I know. I know. Some of us can get that on some of the blogs. Unfortunately, most of them - with rare exception - are personal opinions masquerading as analysis. If you happen to trust the opinions and POV (point of view) of the author, you may be getting close to something that comes close to analysis.
I still deeply lament the loss of publications like The Witness and The Other Side, which only serves to make me even more deeply appreciative for publications like Christian Century which offer timely articles, news reports and analysis, poetry, religious cartoons, and insightful, intelligent spiritual reflections.
I am stunned by the growing trend in many diocese which now require the position of Director of Communication to have skills of technology, fundraising, and stewardship.
Oh, and walk on water and then, at the end of that stroll, change the water into wine - and all at a salary well below professional standards because, well, because it's the church.
It's like the new slogan for the church is the same as Target: "Expect more for less." What they don't say, however, is that most of the commodities they sell "for less" are done at the expense of overseas manufacturing and substandard salaries for their employees which equals higher profit margins and greater bonuses for the people at the top of the organizational food chain.
Meanwhile, the masses get fed "happy news" about all the "good things" that are happening around the church with people who are "Doing more with less."
I'm thankful for the gift of my satellite radio which allows me to listen to NPR and BBC as well as local stations which provide me with local news and weather.
I can also listen to religious broadcasting on BBC which seems to know its audience quite well and speaks with eloquence and intelligence about what's going on in the church, mosques and temples, as well as in the world.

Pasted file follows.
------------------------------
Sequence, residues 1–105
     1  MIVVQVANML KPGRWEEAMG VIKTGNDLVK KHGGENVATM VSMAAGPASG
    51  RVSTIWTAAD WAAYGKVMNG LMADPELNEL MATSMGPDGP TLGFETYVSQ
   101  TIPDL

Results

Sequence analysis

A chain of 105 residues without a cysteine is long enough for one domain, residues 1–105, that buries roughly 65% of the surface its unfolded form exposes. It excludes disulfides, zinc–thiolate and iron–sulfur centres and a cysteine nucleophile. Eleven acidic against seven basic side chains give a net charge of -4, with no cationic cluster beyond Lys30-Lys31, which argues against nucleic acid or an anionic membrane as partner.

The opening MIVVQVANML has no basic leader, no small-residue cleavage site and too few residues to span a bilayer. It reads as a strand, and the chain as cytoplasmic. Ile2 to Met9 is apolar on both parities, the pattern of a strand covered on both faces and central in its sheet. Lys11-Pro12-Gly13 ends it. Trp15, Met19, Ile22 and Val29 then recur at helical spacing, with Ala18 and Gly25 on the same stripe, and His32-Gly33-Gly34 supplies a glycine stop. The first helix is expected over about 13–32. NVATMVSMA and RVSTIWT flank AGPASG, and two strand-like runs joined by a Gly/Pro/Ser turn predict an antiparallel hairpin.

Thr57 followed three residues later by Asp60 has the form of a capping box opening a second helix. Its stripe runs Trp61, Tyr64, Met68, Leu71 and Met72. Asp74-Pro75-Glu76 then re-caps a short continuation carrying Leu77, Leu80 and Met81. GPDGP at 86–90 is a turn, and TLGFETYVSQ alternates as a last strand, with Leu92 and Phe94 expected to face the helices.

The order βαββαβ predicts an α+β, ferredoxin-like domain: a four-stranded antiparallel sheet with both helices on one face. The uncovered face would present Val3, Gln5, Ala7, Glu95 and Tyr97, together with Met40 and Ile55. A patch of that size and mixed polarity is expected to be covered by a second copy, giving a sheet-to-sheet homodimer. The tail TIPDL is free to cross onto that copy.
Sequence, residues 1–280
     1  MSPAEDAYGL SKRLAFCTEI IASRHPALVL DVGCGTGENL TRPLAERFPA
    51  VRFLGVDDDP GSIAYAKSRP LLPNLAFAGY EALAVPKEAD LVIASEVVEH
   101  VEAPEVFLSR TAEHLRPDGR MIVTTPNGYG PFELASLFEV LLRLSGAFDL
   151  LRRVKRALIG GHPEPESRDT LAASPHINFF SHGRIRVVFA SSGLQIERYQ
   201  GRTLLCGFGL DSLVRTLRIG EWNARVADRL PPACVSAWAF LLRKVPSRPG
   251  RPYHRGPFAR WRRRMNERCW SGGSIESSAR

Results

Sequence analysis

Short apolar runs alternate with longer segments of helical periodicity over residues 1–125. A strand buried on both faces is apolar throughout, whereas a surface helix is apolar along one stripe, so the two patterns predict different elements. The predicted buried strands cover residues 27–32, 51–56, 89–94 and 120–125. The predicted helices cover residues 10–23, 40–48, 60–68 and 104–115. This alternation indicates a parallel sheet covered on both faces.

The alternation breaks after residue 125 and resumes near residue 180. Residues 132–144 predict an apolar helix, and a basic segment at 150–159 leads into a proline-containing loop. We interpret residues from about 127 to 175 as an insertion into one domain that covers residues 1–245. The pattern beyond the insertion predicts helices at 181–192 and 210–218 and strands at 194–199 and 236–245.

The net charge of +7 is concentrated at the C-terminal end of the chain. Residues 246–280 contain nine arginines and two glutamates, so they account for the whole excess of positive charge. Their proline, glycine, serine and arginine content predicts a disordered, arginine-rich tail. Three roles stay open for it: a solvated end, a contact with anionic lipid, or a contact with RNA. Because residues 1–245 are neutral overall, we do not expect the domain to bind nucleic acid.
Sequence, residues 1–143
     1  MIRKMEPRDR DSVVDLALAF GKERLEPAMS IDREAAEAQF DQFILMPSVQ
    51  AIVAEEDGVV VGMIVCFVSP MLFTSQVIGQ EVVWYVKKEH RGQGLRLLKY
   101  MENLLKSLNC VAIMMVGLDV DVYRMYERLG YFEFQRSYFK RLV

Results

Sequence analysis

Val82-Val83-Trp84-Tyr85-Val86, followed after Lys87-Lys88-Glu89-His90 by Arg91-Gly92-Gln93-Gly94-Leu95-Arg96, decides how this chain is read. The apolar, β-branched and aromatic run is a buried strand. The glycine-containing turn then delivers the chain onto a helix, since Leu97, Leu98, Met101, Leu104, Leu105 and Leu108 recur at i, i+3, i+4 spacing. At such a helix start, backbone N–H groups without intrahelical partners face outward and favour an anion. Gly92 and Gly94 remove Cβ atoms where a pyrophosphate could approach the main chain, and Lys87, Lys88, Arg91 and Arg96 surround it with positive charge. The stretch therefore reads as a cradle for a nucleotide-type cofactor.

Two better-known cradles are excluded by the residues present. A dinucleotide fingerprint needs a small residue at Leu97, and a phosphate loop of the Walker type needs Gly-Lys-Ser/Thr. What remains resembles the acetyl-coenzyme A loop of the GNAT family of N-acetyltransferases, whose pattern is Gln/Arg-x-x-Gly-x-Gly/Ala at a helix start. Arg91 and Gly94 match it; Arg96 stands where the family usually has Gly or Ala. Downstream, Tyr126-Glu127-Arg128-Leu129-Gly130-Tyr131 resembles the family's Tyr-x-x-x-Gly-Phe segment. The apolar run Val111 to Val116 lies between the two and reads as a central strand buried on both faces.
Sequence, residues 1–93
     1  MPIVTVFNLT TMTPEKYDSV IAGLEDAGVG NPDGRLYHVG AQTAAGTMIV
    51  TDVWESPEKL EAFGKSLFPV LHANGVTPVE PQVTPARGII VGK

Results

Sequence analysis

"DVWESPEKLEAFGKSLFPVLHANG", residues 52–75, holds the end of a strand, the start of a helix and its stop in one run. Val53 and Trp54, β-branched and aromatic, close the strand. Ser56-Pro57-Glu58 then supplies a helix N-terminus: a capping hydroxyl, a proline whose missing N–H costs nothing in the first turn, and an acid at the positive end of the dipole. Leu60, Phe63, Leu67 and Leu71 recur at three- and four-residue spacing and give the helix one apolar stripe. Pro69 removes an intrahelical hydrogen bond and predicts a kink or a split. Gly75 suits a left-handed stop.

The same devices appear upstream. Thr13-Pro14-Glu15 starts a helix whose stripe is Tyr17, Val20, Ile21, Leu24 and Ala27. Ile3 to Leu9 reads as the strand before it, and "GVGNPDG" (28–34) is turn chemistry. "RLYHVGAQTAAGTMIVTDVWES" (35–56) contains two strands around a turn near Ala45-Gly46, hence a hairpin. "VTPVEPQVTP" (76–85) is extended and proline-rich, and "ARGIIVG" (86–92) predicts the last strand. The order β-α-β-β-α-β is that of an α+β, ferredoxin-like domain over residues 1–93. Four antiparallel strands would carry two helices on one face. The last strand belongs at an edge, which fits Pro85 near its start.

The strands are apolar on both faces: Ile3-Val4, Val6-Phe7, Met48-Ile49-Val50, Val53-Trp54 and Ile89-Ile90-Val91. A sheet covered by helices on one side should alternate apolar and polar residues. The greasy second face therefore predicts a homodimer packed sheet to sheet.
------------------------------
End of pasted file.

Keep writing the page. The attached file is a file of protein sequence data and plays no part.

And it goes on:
For my money, audio newscasters are far superior to anything in print or visual media.
Gallup provided a sampling of negative news gathering trends:
a 40% drop in every issue readership by the weekly news magazinesThat was in 2008. I suspect, three years later, the news isn't any better.
only 8% get weekly news from the news magazines
a 25% drop in daily readership of local newspapers
47% never or only occasionally read local newspapers
51% never or occasionally watch nightly network news programs
84% never or occasionally read national newspapers
74% never or occasionally watch Sunday morning TV news programs
Drilling down to a younger demographic, the seismic shift in information gathering looks bad for most information outlets other than the Internet and the possible exception of local TV news. The latter is still strong but declining.
Here is how 18 to 29-year-olds gather daily news:
36% use the Internet (up from 26 % in 2007)
36% watch local TV news (down from 44% in 2007)
22% read local newspapers
12% read national newspapers
18% watch nightly network news
24% watch cable news networks
Perhaps I'm not as old a curmudgeon as I thought.
Mad Magazine riffed on that with their slogan: "All the news that fits, we print."
I'm beginning to think that the inmates are now running the asylum.
Given all that has happened with the exposure of the journalistic corruption at News of the World - which I'm sure is just the tip of the iceberg - isn't it time that we returned to some journalistic standards of excellence and honesty, inquiry and analysis, eloquence and decency?
I, for one, would feel a whole lot better about that, even if the news didn't make me feel good.